Friday, October 2, 2009

What is "subsistence"?

Robin Hanson expects that our descendants (whether biological or machine) will lead a subsistence life, that is the resources available to the median individual will not be significantly greater than what is necessary to allow survival. While I tend to generally agree with his contention, I do have a few quibbles.

First of all, the details of what constitutes "subsistence level" crucially depend on the time horizon one looks at. In the very short term (the time needed to write "In the very short term") all I need to survive is the absence of major alterations in temperature, gravity, radiation levels, etc. To finish this post I also need air. To see the Sun turn into a white dwarf I would need to also conquer aging, keep a gigaerg source of energy, as well as end war and petty violence, just to name a few of the likely long-term subsistence-level resources and conditions.

In this context, the word "subsistence" should not evoke images of swarthy farmers plowing their tiny plots behind burros. Galaxy-long linear accelerators might turn out to be indispensable tools for the would-be trillion-year survivor. One might need to understand and explore the string theory landscape to escape the heat death of the universe, or the Big Rip, or whatever doom awaits this little pocket of dusty vacuum we live in.

But, of course, the notions of long-term vs. short-term are themselves dependent on the entity entertaining them. For an E.coli bacterium in exponential growth phase, long-term may mean beyond two to three minutes, since most of the feedback loops operating within this survivor are calibrated in seconds. One must also remember that there is a hierarchy of (potentially) replicating entities, starting with genes, through cells, to multicellular organisms, to superorganisms, and evolution, depending on the conditions, may act on any of those levels (arguments against simplistic group selection theory acknowledged and irrelevant). The time span of subsistence will then depend on the organizational level of the entity undergoing evolution. The configuration space of likely entities into which humans could evolve is huge and varied, and we know too pitifully little to predict the exact trajectory of post-human evolution. This includes predicting the longevity of the dominant mind species in the post-human ecology.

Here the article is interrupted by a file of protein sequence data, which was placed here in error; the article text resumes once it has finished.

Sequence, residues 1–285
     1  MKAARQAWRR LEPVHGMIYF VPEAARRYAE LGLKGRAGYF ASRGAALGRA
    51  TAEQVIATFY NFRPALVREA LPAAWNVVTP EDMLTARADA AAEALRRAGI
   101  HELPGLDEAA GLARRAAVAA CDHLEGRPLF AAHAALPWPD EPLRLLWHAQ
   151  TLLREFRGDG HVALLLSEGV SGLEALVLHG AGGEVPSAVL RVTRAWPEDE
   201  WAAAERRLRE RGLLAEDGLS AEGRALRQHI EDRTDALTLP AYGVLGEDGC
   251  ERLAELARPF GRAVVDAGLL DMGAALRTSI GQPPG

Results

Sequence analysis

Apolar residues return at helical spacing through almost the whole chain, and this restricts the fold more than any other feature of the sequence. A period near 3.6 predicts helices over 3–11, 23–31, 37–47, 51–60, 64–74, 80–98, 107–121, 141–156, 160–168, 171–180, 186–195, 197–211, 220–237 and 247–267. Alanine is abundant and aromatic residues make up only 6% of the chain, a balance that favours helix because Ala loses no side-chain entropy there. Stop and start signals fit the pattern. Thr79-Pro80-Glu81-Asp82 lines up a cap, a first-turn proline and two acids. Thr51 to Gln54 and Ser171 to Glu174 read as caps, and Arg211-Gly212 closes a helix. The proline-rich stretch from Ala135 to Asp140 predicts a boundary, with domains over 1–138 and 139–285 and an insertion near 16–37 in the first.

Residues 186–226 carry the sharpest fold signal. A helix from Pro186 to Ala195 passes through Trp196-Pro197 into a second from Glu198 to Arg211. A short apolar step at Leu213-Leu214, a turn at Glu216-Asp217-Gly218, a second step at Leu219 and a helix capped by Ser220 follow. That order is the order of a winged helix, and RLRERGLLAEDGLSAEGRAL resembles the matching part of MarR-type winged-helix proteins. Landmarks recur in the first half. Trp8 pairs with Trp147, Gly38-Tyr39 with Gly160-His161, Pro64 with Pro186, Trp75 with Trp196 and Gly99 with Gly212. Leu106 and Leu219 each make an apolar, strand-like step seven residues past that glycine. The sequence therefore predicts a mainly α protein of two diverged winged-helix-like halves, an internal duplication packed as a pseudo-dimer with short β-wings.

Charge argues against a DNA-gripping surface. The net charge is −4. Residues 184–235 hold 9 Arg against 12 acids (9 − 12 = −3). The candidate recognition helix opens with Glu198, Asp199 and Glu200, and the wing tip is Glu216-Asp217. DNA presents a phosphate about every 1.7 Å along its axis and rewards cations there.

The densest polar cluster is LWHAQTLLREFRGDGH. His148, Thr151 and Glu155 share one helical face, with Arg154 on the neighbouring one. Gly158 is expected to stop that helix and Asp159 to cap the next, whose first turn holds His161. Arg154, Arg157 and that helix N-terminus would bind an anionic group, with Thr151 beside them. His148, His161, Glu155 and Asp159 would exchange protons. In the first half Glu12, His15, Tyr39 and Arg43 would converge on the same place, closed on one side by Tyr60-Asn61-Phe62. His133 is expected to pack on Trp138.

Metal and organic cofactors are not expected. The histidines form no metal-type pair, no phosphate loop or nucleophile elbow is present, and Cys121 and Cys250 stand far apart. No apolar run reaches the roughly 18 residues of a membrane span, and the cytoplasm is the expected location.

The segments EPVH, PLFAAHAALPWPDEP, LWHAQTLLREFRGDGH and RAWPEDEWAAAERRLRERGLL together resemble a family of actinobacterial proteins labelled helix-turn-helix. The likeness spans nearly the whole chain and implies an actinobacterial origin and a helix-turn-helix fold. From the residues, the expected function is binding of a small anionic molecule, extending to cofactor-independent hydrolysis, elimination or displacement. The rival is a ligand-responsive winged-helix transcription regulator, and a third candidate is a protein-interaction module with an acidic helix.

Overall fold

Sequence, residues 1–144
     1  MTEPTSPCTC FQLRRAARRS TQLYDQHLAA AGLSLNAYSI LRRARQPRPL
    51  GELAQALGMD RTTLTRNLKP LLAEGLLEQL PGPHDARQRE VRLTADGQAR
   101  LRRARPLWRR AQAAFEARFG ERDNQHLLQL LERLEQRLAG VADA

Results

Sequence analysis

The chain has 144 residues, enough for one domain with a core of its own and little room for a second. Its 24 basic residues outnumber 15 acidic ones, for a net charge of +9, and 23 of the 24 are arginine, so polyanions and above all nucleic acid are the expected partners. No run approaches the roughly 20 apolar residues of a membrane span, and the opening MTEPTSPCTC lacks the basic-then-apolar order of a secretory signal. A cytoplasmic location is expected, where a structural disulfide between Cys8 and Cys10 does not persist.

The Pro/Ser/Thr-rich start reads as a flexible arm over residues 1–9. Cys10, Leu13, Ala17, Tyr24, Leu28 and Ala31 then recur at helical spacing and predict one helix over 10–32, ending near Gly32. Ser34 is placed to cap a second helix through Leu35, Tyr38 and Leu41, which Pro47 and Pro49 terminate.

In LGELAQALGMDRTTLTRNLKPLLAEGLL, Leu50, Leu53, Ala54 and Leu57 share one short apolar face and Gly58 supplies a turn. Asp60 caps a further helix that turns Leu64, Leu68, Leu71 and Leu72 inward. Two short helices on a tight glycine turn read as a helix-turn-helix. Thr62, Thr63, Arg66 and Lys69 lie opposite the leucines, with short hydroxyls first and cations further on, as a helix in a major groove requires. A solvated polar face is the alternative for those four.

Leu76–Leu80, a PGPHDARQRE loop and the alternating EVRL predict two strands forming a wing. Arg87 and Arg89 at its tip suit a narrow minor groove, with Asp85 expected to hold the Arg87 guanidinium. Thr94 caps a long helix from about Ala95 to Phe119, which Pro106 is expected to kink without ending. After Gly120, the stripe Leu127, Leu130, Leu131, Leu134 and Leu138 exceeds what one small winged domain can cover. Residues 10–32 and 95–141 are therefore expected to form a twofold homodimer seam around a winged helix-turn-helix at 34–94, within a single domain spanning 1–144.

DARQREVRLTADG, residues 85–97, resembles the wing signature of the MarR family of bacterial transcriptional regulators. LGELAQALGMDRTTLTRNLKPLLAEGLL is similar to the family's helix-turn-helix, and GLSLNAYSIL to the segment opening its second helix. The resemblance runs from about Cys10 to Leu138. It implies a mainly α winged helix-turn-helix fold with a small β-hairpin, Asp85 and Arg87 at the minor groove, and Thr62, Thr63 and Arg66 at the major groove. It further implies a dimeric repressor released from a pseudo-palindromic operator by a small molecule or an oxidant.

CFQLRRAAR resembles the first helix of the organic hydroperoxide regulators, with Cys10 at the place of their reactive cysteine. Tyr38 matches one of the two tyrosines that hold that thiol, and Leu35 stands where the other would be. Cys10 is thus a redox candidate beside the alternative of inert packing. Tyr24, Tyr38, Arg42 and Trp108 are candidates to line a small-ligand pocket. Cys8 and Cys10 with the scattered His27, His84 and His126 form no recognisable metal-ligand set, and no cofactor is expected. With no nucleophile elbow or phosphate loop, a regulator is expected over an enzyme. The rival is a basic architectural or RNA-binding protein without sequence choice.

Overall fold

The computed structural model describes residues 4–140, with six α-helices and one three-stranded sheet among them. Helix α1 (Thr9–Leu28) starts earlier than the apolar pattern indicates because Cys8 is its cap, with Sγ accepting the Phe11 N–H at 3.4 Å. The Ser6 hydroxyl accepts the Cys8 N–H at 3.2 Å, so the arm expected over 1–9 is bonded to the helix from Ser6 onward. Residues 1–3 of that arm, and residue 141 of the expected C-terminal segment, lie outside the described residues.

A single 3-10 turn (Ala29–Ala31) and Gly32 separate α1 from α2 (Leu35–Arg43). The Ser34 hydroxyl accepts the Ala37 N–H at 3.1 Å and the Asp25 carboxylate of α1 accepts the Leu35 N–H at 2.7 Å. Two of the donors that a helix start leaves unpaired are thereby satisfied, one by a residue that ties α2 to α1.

Our minds and bodies have been blindly shaped by evolution but this process couldn't keep up with technological change, resulting in a mismatch between innate desires and actual fitness-relevant possibilities. I agree with Robin that this situation is unlikely to persist over any evolutionarily long time. I expect that soon we will be supplanted by post-human beings specifically designed for survival in a technological ecosystem, and the natural, blind evolution will thus largely end (who would design these entities is an issue I may consider in another post). But, although we can surmise the post-humans will be good fitness-maximizers, we can say very little about their organizational level, physical form, longevity and the actual physical meaning of "subsistence resources".

Thus, even though Robin is most likely right that our descendants will lead a subsistence life, their desires fully aligned with the goal of survival and none of their resources expended on irrelevant frippery, we should realize that their notion of subsistence may be quite sumptuous by our standards. Maybe they will need to expend stupendous amounts of energy just to prove fitness and to discourage predation. Maybe they will explore the most esoteric realms of post-human mathematics to reliably navigate away from cosmological disasters. Maybe their social graces, needed to stay afloat in a forever-changing political world, would surpass the most Machiavellian of our ruling classes. One is reminded of the adaptive immune system, the energetically expensive and extremely dangerous (see autoimmunity) assemblage of B and T cells that constantly churn and evolve, ever on the lookout for new infectious challenges, with no end in sight - running very quickly just to stand in place.

I think there is a good chance that some of the seemingly non-essential attributes of our lives may in the long term become subsistence necessities, at least in some of the newly created ecological niches. Freedom, unbounded curiosity, never-ending exploration, mastery over matter, and owning very large private spaceships with wormhole generators could in some scenarios be the analogue of having a burro and five acres of land - but hopefully much more fun. Time will tell.

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